chapelQuigley Class of '61 Renunion

Biography

I have wonderful memories of my days at Quigley.  But after five years of shaking that red and white “mission box” in everyone’s face, it was time to make a change.  I entered Maryknoll and was off to a world of change.  In 1962 I was able to make a 4 month trip by myself to 31 countries and to see so much of the “mission” world.  This world trip has influenced my vision of things until today.  In 1964 I broke my back and neck while doing my favorite sport of water skiing.  This accident has influenced my physical and medical life until today.

My first extended time as a priest outside of the USA was in Bolivia.  I did so miserably in Latin, Greek, French and Italia at QPS; but when I started to study Spanish, I was motivated to communicate with the people and finally learned something.  My ten years in the modern oil rich Venezuela of the 70s was filled with excitement and challenge.  This first decade of my priesthood also saw me in Nicaragua after the earthquake of 1972, in quarantine in Costa Rica with meningitis in 1973, turning my parish in Caracas into a refugee center after a flood in 1977, and taking time to be Mother Teresa’s interpreter in 1978.  Somehow I found the time to squeeze in to be both a pilot and scuba diver.

In 1981 with temperatures of -35 degrees, I spent 3 months at Madonna House in Canada.  A truly joyful and spiritual time was living in for 3 months with the Trappist in Iowa in 1983.  I did a six year assignment on public relations 1981-7 and had to drive over 50,000 miles a year.  I leaned so much about the Church in the USA and sharing with people from such a variety of backgrounds.  Personally being able to talk with Pope John Paul II in Phoenix in 1987 naturally was special. In 1988 I was able to make another world trip and bring my visitations up to 84 countries.  People everywhere, no matter their background, continue to touch my heart.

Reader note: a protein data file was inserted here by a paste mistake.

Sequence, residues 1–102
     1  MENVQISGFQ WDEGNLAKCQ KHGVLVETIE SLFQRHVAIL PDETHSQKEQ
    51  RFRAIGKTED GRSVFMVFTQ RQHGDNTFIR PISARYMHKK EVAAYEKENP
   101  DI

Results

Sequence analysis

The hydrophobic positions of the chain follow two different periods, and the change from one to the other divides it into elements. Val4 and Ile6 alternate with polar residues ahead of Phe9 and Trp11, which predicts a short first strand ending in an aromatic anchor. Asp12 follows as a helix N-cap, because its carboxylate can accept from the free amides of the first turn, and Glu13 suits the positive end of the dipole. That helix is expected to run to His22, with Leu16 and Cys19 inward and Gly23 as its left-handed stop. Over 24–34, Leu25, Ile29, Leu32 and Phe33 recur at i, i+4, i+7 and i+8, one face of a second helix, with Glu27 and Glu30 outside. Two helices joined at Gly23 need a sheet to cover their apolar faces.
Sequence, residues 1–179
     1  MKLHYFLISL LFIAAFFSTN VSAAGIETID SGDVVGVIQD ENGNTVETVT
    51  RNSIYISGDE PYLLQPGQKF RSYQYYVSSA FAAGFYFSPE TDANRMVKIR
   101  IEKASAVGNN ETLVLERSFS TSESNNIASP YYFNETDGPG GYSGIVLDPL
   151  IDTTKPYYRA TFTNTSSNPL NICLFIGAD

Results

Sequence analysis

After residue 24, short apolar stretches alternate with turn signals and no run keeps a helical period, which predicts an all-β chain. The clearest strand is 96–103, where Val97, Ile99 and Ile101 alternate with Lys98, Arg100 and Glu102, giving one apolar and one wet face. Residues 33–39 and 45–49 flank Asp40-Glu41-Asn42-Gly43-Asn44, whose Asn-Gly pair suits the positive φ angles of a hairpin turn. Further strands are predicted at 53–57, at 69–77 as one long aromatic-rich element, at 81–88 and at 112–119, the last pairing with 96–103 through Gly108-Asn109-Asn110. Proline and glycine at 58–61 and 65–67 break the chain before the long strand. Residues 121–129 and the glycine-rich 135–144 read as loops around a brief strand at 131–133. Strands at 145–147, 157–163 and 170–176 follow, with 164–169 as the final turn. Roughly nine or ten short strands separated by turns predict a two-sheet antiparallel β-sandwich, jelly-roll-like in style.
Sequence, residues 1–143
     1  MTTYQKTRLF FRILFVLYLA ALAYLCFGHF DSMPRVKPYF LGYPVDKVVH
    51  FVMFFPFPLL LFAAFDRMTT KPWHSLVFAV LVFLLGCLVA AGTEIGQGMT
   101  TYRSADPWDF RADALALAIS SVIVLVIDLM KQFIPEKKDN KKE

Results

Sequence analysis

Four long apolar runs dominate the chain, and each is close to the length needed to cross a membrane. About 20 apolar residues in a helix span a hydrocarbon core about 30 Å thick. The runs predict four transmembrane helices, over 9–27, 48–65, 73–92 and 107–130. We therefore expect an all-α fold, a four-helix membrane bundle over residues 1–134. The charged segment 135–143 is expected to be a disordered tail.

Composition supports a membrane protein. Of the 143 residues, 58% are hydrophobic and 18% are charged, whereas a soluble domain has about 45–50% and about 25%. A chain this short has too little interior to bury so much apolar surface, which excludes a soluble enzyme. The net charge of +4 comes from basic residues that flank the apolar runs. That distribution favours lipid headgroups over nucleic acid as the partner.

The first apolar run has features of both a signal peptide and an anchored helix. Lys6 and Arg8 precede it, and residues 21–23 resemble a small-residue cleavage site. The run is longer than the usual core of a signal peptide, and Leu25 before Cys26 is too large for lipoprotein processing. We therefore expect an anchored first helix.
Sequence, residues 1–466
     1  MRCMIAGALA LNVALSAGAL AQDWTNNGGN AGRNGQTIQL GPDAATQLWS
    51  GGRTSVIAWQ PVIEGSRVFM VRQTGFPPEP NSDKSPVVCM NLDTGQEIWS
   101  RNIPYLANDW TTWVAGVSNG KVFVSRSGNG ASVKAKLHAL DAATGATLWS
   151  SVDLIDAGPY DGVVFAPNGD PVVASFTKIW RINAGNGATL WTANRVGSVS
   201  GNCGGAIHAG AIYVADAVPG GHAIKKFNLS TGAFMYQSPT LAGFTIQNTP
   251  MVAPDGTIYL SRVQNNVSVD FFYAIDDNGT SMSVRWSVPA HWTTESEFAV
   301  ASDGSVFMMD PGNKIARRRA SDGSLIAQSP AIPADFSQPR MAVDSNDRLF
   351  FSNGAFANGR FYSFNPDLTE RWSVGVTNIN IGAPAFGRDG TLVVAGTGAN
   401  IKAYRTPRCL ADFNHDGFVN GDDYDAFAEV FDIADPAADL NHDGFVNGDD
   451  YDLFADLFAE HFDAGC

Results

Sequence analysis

The 90s were spent in the Yucatan peninsula of Mexico.  I lived for 5 years in the jungle with the Mayan Indians but sadly never did learn Maya.  Typhoid fever, melanoma cancer, and hepatitis brought my body to the city of Merida, but so much of my heart remained amongst the people in the Indian villages.  A one day invitation to the prison in Merida changed my course of life and I began to live in a prison cell.  I was blessed with a beautiful relationship with both the prisoners and also with the warden.  “Metanoia” (change of heart) was the fruit of many blessings.  Living in Mexico provided the opportunity to learn in word and spirit so much about Our Lady of Guadalupe.  Although I in good conscience separated from Maryknoll in 1997, I continue to live the joy of my priesthood.  My physical limitations mean that much of my “mission” is now adapting my spirit to sitting in my home at my computer and giving advice.  My tiny home chapel is a place of solace.  My Faith is strong, but my body is weak.  I thank God and the Virgin for so many miracles in my life.

 

Biographies